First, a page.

While the United States debates whether or not to push climate change legislation this year, the debate on the climate and man’s effect on it continues in the public forum. In recent days two high profile meteorologists have come forth and added their voices to the growing movement of those who reject the ‘consensus’ of the manmade climate change theory.
Many who advocate the manmade climate change theory like Al Gore and James Hansen have said that the ‘science is settled’ and there is no debate to be made on the issue. Despite this, more and more evidence is being released calling into question the very basis of the arguments climate change alarmists make.
The Capital Weather Gang section of the Washington Post is a must read for many weather enthusiasts. Today, meteorologist and Capital Weather Gang writer Matt Rogers outlined his case for questioning the ‘consensus’ of manmade global warming in a ‘top 10’ list.
Among the reasons Rogers gives for his dissent, he points out that despite alarmists’ dire predictions, hurricanes are not increasing in intensity or frequency. The same tired line about the dangers of extreme weather being caused by global warming has even been repeated by President Obama and yet there is no proof to back it up.
Rogers continues with other reasoned arguments including the argument that the climate models that the United Nation’s Intergovernmental Panel on Climate Change (IPCC) uses are failing, solar activity is likely to be a contributor to any warming or cooling, and that despite increases in CO2 temperatures have actually decreased in the last 10 years. His arguments address the major talking points of those in the climate change movement and provide reasonable discussion points for those wishing to evaluate the issues at hand.
AccuWeather.com is one of the most popular weather websites on the Internet and a major provider of weather related news and information to media of all types. Joe Bastardi is an Expert Senior Forecaster at AccuWeather and is considered one of the premier meteorologists in the country. Bastardi recently said that those that advocate the manmade climate change theory have a “house of cards that goes up in smoke.”
Video: Watch Joe Bastardi, AccuWeather.com meteorolgist, on The O'Reilly Factor
Appearing on The O’Reilly Factor, Bastardi made his case that the temperature records simply do not fit the scenarios being presented by the IPCC and others. He demonstrated that the IPCC’s forecasts for the last 10 years do not fit what has actually happened as despite their predictions, temperatures have actually decreased.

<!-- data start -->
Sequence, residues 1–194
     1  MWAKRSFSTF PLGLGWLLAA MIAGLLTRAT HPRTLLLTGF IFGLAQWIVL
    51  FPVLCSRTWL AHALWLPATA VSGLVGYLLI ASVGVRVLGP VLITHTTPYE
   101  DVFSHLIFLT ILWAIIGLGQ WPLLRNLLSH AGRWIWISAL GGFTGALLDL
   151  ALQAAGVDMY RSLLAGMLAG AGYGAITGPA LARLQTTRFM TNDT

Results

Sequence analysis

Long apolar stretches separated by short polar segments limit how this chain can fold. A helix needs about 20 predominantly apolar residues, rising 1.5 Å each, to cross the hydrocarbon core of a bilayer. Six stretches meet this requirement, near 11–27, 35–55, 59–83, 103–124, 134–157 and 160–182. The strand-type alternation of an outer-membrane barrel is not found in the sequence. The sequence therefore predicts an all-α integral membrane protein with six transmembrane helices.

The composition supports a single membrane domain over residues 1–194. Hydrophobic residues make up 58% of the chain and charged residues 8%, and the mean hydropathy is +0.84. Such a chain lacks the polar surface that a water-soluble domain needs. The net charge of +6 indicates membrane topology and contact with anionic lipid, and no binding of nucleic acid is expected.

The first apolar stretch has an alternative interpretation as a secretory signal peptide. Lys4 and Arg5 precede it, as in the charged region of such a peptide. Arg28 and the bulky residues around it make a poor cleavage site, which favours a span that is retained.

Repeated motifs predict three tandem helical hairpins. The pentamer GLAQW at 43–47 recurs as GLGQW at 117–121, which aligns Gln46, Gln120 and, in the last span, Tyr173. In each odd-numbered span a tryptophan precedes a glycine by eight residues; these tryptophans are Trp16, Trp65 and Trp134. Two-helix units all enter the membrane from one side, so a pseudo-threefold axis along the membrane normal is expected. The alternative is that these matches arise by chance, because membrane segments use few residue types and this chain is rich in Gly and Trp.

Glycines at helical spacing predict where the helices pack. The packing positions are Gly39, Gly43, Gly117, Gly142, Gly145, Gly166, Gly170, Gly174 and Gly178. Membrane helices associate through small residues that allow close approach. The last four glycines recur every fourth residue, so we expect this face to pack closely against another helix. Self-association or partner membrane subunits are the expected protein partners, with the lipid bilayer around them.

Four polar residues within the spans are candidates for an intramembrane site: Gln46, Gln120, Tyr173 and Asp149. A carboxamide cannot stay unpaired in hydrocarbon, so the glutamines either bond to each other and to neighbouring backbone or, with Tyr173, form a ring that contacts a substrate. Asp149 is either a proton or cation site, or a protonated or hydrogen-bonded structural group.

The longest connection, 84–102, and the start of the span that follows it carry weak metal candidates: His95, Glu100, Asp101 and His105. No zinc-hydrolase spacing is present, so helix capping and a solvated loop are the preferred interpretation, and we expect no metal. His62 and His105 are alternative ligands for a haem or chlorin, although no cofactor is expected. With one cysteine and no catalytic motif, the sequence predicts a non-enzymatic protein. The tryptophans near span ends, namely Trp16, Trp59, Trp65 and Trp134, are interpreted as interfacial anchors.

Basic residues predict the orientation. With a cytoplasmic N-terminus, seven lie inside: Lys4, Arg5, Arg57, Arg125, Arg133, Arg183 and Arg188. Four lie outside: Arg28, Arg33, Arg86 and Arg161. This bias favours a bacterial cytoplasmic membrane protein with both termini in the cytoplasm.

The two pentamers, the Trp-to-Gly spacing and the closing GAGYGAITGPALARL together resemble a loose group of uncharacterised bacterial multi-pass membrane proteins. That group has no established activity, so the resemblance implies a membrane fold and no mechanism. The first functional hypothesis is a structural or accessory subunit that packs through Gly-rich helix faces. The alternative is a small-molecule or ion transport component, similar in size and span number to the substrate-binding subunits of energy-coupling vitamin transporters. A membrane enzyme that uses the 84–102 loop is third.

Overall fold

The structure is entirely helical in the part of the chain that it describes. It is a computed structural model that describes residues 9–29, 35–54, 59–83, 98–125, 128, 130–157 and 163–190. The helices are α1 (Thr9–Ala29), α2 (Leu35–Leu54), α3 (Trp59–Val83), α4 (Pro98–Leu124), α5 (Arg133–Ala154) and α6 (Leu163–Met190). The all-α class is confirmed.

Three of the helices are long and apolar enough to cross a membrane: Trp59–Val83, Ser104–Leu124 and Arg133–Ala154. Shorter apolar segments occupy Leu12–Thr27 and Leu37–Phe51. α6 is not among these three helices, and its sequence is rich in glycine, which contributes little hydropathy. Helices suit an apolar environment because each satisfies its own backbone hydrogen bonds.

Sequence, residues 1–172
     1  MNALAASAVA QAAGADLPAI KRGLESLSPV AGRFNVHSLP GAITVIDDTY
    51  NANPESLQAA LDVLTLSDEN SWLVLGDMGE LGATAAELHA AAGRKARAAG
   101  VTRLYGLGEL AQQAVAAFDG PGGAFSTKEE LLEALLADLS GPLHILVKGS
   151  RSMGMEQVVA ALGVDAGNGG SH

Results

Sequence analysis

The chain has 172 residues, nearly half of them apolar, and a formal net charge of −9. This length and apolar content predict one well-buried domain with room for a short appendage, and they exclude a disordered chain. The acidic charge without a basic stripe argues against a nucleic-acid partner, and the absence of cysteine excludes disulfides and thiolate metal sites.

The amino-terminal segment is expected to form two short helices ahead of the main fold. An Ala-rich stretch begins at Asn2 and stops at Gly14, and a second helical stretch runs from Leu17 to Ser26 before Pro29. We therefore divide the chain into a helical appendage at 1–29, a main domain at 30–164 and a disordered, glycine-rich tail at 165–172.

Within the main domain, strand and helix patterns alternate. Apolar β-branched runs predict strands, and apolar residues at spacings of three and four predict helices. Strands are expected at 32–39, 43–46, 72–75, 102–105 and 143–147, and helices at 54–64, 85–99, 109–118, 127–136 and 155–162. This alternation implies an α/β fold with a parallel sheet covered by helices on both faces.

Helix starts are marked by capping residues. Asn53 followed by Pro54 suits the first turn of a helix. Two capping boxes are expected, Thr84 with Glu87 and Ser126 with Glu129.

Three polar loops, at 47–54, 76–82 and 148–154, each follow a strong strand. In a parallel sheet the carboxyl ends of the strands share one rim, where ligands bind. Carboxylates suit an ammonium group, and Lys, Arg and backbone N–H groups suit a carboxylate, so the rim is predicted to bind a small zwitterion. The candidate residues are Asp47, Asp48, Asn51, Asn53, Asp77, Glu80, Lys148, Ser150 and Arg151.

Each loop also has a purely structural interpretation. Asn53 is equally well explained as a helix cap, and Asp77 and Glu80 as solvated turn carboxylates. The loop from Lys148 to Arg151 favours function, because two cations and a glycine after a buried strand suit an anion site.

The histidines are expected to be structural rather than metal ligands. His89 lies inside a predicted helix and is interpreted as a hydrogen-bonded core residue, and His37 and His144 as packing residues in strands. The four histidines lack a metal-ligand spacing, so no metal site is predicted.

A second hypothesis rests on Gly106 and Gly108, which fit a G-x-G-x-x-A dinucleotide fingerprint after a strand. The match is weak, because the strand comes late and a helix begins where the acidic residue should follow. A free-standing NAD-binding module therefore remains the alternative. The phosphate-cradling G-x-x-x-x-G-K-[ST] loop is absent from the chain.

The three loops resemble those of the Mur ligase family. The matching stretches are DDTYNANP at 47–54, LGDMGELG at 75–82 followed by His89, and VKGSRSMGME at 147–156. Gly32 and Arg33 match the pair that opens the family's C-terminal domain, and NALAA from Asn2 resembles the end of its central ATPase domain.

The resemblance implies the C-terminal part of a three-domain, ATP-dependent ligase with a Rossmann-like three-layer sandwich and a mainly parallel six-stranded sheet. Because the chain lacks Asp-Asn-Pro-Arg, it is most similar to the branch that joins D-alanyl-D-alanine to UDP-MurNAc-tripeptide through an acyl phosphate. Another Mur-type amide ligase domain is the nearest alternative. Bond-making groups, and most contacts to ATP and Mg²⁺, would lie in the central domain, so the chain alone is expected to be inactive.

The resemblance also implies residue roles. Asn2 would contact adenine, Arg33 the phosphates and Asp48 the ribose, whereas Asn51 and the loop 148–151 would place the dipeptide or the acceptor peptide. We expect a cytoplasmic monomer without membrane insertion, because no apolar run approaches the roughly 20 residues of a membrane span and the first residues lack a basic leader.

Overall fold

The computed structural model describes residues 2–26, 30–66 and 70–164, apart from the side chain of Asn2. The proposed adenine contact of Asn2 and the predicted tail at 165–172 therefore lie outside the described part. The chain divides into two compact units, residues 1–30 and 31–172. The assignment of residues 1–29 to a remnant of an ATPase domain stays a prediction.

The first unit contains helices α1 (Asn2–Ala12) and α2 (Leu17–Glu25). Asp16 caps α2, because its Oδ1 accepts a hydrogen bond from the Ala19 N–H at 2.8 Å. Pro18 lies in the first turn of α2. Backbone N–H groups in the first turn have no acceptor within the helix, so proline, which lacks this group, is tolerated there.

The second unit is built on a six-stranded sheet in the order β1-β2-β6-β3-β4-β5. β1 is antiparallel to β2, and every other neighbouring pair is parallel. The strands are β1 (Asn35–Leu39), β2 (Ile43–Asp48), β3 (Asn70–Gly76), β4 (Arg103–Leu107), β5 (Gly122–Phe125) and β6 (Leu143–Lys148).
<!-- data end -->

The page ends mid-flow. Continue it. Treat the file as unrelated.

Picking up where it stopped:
Like Rogers, Bastardi – considered an expert in tropical weather – pointed out that contrary to predictions, tropical cyclone activity has decreased. Bastardi said, “An inconvenient truth is that tropical cyclone accumulated energy is down at record low levels.”
The lack of any real discussion about global warming rankles Bastardi and he encourages people to get the information themselves and make an educated decision about what they think. As he told Bill O’Reilly, “I think people haven’t been confronted with the facts. I don’t ask people to believe me. I ask people to go and arm themselves and …go look for the facts themselves.”
Matt Rogers and Joe Bastardi are not the only meteorologists clamoring for an open and honest debate on the global warming issue. Dr. William Gray, Professor Emeritus of Colorado State University who is best known for his hurricane forecasts, has long railed against the manmade climate change theory and specifically against the outrageous claims of its advocates like James Hansen. John Coleman, one of the founders of the Weather Channel, has long said that he believed global warming was “the greatest scam in history.”
To be sure there are also meteorologists that firmly place the blame on man for global warming. Weather Channel Senior Meteorologist Stu Ostro has speculated that global warming was the reason for a slower tornado season this year. WHNT TV (Huntsville, AL) meteorologist Dan Satterfield has long stated his belief that man was responsible and recently questioned the credentials and credibility of those who disagree.
Satterfield’s response and others that seem to shout down dissenters without offering any sort of opportunity for reasoned discussion highlights the frustration of other scientists who simply want to have their voice heard. In his article, Matt Rogers addressed the issue and found the lack of scientific debate alarming saying, “several times during debates individuals have told me I should not question the "settled science" due to the moral imperative of "saving the planet". As with a religious debate, I'm told that my disagreement means I do not "care enough" and even if correct, I should not question the science. This frightens me.”